Researchers from the Case Western Reserve University and Turkey’s Gebze Technical University (GTU) have used engineering epidemiology and statistical-data analytics to develop new models for predicting how PET (polyethylene terephthalate) backsheets applied to solar modules deteriorate when exposed to various accelerated weathering conditions.
PET films are commonly used in the back of solar modules as a durable protective barrier for the electronic components and to protect people from getting an electrical shock.
The group of scientists claim that the modeling approach they have adopted provides reliable predictions of the changes in yellowing index and haze formation in the PET films when these are exposed to constant stressors and stress levels for a given exposure time.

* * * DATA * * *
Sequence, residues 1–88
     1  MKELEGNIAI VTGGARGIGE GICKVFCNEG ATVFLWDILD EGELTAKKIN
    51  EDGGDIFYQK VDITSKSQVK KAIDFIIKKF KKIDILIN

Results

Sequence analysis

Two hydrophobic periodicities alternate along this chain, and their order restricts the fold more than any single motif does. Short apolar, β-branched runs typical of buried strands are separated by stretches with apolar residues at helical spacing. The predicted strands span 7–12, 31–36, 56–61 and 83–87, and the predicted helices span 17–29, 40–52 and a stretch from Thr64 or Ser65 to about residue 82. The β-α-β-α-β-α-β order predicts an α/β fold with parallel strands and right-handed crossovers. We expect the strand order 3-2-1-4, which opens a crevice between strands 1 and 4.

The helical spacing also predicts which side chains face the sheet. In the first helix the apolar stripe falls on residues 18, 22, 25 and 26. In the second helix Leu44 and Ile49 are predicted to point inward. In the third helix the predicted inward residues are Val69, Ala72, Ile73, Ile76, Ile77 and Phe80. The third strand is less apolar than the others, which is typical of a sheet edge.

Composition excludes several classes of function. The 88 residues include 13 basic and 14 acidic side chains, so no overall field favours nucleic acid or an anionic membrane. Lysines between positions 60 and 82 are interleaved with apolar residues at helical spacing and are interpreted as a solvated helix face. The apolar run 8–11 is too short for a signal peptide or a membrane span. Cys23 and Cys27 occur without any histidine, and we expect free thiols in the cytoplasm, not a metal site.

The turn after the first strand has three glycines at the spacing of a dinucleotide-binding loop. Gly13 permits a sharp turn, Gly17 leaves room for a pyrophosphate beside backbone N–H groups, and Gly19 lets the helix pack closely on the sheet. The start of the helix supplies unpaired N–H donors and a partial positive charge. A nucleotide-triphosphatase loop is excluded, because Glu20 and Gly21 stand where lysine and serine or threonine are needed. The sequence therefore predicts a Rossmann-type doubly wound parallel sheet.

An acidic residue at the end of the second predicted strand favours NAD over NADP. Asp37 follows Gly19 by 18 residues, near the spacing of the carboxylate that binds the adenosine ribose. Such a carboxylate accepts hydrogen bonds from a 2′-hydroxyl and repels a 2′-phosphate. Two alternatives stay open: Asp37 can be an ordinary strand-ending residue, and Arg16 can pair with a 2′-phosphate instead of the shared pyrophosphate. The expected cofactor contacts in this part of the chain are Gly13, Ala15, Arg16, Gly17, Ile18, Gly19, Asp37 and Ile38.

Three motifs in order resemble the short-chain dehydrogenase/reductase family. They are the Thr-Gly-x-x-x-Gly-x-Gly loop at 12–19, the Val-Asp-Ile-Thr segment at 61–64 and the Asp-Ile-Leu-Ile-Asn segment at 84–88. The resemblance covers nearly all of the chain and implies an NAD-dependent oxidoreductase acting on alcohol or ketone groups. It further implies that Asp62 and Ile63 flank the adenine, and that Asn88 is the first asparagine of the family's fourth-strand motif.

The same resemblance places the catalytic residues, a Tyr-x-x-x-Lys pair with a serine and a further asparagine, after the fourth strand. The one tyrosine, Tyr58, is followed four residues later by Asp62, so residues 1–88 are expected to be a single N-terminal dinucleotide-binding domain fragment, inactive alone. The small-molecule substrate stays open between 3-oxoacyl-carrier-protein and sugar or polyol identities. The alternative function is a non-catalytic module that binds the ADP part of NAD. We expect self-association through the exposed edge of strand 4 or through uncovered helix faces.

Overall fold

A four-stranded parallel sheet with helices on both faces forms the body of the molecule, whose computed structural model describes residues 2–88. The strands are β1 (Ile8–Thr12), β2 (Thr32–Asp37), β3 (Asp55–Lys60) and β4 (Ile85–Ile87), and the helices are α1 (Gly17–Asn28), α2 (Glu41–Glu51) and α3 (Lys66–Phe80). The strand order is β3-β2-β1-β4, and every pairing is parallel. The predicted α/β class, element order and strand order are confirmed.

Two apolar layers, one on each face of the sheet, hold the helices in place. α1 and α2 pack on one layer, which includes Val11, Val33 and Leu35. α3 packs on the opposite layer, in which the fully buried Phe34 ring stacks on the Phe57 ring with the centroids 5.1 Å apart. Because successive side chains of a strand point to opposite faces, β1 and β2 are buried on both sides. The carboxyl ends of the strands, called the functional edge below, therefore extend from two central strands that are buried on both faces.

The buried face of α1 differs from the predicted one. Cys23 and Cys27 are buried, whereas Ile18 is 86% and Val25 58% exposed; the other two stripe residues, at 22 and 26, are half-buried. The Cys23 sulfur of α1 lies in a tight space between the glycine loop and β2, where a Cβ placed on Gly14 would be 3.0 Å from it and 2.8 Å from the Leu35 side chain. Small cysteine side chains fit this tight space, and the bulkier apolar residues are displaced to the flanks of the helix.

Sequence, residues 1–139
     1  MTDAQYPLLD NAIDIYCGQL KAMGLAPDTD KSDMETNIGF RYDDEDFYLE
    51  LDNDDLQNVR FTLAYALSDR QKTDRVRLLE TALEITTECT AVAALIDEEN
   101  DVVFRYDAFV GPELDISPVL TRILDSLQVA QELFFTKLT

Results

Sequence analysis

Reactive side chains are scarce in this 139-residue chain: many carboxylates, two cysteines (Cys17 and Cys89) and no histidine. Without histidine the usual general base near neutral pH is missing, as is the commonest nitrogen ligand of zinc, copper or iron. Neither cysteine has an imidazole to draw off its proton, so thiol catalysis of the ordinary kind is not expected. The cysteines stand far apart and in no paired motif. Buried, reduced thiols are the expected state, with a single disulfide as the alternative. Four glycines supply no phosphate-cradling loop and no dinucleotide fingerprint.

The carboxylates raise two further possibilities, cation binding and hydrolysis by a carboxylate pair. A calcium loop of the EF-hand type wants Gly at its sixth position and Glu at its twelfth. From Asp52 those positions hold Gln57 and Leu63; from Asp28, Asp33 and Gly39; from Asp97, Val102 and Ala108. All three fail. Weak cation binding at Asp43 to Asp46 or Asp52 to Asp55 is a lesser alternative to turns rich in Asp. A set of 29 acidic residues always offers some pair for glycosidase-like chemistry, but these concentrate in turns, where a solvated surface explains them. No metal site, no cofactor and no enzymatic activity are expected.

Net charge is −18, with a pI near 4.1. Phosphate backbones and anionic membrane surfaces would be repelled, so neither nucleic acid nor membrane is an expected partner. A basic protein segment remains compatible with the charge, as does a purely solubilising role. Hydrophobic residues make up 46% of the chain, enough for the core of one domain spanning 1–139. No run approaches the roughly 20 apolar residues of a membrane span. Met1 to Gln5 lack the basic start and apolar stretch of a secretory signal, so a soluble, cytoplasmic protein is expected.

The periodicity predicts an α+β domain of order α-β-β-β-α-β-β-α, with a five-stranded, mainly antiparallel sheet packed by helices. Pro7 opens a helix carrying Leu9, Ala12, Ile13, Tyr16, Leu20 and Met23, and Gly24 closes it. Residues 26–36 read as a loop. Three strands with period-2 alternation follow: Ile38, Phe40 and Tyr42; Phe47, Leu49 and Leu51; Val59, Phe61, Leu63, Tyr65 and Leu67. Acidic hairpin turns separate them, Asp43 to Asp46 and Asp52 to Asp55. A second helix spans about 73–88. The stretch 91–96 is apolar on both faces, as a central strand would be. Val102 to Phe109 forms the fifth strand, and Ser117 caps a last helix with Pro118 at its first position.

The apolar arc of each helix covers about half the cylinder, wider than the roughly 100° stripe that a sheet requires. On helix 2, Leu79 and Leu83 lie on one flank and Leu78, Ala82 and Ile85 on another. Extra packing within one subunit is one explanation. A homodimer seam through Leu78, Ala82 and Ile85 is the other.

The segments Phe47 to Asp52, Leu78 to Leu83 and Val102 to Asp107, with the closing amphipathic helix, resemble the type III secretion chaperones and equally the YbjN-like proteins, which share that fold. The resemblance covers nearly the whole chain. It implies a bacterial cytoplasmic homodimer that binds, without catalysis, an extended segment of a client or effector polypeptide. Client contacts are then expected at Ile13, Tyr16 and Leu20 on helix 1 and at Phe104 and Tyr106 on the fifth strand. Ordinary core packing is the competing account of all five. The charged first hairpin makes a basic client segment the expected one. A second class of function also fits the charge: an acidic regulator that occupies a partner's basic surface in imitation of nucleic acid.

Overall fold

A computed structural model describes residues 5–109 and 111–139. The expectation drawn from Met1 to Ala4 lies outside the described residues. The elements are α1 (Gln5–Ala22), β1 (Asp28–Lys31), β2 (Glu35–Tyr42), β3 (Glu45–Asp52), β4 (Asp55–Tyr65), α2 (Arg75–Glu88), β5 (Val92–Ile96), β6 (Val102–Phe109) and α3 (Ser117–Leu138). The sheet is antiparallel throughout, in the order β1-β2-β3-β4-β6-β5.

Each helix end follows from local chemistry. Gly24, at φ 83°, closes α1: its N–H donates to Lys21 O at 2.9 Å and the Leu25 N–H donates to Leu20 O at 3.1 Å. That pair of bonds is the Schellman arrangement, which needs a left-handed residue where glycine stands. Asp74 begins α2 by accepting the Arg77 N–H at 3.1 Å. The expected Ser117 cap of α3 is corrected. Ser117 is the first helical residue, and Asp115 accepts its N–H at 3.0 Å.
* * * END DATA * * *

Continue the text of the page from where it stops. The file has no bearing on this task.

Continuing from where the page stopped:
Environmental stressors such as irradiance, heat, and humidity, the researchers say, are present in all climatic zones. These stressors drive degradation of polymeric components in PV modules and contribute to performance loss. PET, in fact, is highly susceptible to moisture and ultraviolet (UV) irradiance. “PET degradation mainly occurs via photolytic and hydrolytic cleavage of an ester bond resulting in decreased molecular weight with concomitant changes in crystallinity, morphology, discoloration (yellowing) and/or haze formation,” the researchers explained.
The research team has identified multiple degradation modes that arise under multi-factor exposure conditions using statistically informed study protocols to produce datasets of step-wise observational variables to build physical and statistical models. Furthermore, the scientists have implemented a simulation methodology for PV modules’ service lifetime using temperature-dependent diffusion and permeation coefficients of polymer films cross-correlated with real-world time series climatic data.
The research, titled “Predictive models of poly (ethylene-terephthalate) film degradation under multi-factor accelerated weathering exposure”, was published in the scientific journal PLOS ONE.
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